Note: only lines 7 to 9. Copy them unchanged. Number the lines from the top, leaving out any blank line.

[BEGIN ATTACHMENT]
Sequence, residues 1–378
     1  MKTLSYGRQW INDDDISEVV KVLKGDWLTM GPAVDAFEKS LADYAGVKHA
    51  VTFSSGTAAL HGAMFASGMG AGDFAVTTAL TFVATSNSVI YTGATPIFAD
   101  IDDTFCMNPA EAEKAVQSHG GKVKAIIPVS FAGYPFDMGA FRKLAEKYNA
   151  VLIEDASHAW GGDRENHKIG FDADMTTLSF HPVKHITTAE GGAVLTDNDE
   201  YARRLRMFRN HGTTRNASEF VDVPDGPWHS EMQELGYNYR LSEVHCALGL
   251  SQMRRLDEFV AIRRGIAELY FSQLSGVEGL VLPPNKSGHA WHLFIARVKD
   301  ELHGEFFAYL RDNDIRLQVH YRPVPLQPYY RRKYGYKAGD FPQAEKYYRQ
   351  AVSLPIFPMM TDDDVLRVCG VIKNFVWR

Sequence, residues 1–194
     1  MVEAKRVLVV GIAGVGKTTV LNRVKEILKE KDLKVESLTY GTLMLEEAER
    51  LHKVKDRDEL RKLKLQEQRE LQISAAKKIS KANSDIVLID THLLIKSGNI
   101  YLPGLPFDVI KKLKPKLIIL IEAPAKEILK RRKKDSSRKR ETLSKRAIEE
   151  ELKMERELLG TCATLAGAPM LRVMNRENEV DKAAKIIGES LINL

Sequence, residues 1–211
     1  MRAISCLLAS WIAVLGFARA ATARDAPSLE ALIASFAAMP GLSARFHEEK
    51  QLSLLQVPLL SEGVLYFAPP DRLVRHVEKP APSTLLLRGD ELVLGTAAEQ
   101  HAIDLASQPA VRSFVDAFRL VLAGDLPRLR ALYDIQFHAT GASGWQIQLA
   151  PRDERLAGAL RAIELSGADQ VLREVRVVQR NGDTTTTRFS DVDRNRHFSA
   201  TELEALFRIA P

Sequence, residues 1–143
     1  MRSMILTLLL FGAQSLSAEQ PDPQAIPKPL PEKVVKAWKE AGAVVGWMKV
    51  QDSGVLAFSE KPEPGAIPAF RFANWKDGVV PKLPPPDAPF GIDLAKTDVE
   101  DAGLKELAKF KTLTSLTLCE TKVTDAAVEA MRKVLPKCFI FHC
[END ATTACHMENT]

   251  SQMRRLDEFV AIRRGIAELY FSQLSGVEGL VLPPNKSGHA WHLFIARVKD
   301  ELHGEFFAYL RDNDIRLQVH YRPVPLQPYY RRKYGYKAGD FPQAEKYYRQ
   351  AVSLPIFPMM TDDDVLRVCG VIKNFVWR